So it turns out, charcoal drawings and Okanagan winters don’t mix if you need to transport your work from point “a” to “b.”
This week I got a very interesting peak into the art world—what it means to create something truly unique and cope with the unexpected.
On Tuesday afternoon, I was out to see Jane Everett, one of Kelowna’s more revered artists. The timing could not have been better. There she was with a stack of drawings made from all of the different mediums I’ve been working with and, interestingly, explaining what she liked about the dribbles of Gesso running over the work.
She had done this on purpose, after discovering how the fixative picks up charcoal dust and literally runs with it on another series.
It was a good thing I had seen it as the very next day, my three-hour sailboat endeavour took a beating in the snowy mess we were all treated to.
My entire week has been a bit like this. See something or hear something and have it come true the next day. I think the creative side of our brains is prone to noticing these synergies and, while I’m generally not the usually the airy fairy type, this little life lesson stuck far better than the black lines on my page.
Following my snow blowing, I sat down to work around the new blotchy areas, using them to add texture to clouds and lift to my waves. The six week foray into drawing the Kelowna Art Gallery extended with an offer to try their beginner drawing class has fostered many of these gems of life wisdom. More often than not, the class discussions, trials and triumphs carved out an interesting grey area sentimental types might call an exercise in exploring the nuances of life and learning.
As adults, it’s not all that often we get to enjoy a classroom setting and the experience of being taught. Where this was once a daily chore, it’s now a bit of a treasure and an adventure in discovering old habits and new approaches.
I found I quickly converted to doing a little homework, practicing to try out what was demonstrated in class, even without being asked. In other words, I’m now that really annoying super keen older student I used to curse in university. I suppose it’s different when you’re doing something voluntarily, and let’s face it, willow charcoal and hours of algebra are fairly far removed.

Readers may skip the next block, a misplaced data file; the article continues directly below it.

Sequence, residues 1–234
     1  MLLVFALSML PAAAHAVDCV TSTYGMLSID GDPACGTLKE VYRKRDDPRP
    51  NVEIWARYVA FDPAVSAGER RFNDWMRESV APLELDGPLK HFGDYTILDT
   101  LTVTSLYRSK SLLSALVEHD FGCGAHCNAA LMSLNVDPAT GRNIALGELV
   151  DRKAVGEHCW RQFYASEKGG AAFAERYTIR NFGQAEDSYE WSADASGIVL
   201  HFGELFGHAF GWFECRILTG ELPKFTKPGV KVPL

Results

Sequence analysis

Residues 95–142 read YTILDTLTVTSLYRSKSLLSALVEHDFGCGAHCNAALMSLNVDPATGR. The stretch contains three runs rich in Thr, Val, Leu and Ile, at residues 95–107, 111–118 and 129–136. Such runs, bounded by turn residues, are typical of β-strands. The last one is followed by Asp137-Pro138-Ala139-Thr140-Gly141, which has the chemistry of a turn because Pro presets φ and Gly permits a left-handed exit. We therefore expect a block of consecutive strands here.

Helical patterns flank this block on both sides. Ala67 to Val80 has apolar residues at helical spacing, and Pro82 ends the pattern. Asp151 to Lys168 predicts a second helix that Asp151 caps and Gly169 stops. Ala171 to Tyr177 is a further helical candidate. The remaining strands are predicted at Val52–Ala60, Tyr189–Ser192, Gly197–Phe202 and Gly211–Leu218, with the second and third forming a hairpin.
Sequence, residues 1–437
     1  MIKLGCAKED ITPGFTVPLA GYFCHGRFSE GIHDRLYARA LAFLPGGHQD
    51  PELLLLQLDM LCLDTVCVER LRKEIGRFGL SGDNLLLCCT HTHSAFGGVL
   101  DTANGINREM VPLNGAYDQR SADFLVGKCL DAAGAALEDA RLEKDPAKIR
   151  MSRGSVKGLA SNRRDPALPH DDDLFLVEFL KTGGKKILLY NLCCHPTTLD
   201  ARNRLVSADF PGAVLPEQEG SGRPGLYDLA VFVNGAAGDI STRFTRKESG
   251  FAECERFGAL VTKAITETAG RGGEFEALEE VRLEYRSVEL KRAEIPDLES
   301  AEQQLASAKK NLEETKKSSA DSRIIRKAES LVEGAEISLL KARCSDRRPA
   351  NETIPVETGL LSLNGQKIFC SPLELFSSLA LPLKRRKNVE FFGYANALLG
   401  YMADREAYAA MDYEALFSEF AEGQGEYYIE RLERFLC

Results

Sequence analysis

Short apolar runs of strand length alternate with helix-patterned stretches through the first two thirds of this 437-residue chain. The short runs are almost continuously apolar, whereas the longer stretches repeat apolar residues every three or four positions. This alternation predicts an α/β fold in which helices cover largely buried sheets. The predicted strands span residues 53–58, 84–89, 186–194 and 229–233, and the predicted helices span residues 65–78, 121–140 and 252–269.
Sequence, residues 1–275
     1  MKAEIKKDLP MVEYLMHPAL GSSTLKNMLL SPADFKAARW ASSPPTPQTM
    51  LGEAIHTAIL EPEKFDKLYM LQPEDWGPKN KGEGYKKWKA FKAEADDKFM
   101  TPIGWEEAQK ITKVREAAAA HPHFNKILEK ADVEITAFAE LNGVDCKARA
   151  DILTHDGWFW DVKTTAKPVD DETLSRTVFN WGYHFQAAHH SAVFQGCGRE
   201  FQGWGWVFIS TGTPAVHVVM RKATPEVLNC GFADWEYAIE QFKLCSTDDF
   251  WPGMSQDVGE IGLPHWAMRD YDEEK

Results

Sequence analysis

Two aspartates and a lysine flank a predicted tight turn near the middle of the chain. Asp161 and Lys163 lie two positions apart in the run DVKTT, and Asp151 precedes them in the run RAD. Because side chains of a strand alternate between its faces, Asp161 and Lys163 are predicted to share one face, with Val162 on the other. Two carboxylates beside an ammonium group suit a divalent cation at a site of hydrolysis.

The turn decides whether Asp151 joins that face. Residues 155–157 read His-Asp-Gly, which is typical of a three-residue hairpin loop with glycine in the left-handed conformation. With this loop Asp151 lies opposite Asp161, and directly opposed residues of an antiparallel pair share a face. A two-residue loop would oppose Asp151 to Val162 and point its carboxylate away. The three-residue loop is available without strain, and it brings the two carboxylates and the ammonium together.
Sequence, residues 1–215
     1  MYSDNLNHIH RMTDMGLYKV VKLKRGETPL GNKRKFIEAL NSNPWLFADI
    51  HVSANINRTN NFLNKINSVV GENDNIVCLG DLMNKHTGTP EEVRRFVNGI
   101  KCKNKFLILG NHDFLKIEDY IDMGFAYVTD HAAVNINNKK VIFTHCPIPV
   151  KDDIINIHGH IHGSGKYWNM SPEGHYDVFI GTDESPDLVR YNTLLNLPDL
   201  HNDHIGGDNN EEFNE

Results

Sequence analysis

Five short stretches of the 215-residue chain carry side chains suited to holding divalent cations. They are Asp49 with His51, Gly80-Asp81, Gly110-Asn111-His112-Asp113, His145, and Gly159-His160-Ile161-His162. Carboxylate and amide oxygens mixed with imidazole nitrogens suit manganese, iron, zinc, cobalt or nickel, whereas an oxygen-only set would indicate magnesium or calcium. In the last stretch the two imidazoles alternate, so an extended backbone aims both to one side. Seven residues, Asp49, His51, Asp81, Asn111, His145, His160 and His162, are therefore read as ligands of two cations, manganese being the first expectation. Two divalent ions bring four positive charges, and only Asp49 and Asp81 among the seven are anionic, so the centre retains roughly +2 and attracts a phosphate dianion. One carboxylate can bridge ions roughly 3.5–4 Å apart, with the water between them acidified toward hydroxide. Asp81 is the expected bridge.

I’m quite lucky in my regular job as I get to dabble in the frustrations of creating something on a daily basis, so mucking up (repeatedly) wasn’t a new feeling. Seeing myself improve, on the other hand, was really different; I was very surprised at how quickly ideas and concepts came together.
It’s amazing how discovering you can accomplish one tiny thing can raise your spirits, even in our never-ending grey days of winter.
My art teacher, Rena Warren, was very impressive. By the end of our class, I was starting to believe I might even tackle something big—like my a face, on a billboard, under Broadway lights (kidding).
Honestly, I don’t know how I feel about approaching drawing other people just yet, but I definitely feel like the tools to do so are in place. And I’ve also learned not to shy away from a challenge. If you saw last week’s cheese grater, you’ll know I’ve tried a few shortcuts already in this class and it never turns out all that well. I don’t know how I figured drawing a million holes would be easier than a reflective surface but, needless to say, the life lesson there stuck too.
I’ve decided not to include a picture of my last piece of artwork. What it looks like doesn’t really matter anyway. What I learned in my adventure in drawing is that it’s a great way to spend a morning, an evening or your lunch hour. As for the result, I say, come what may.
Jennifer Smith spent six weeks documenting her experiences in the Kelowna Art Gallery’s Learning to Draw for the Absolute Beginner. The series, Draw the Line, focused on the trials, tribulations and triumphs of taking up the pencil as an adult and rediscovering one’s capacity to draw. This was the final article of the series.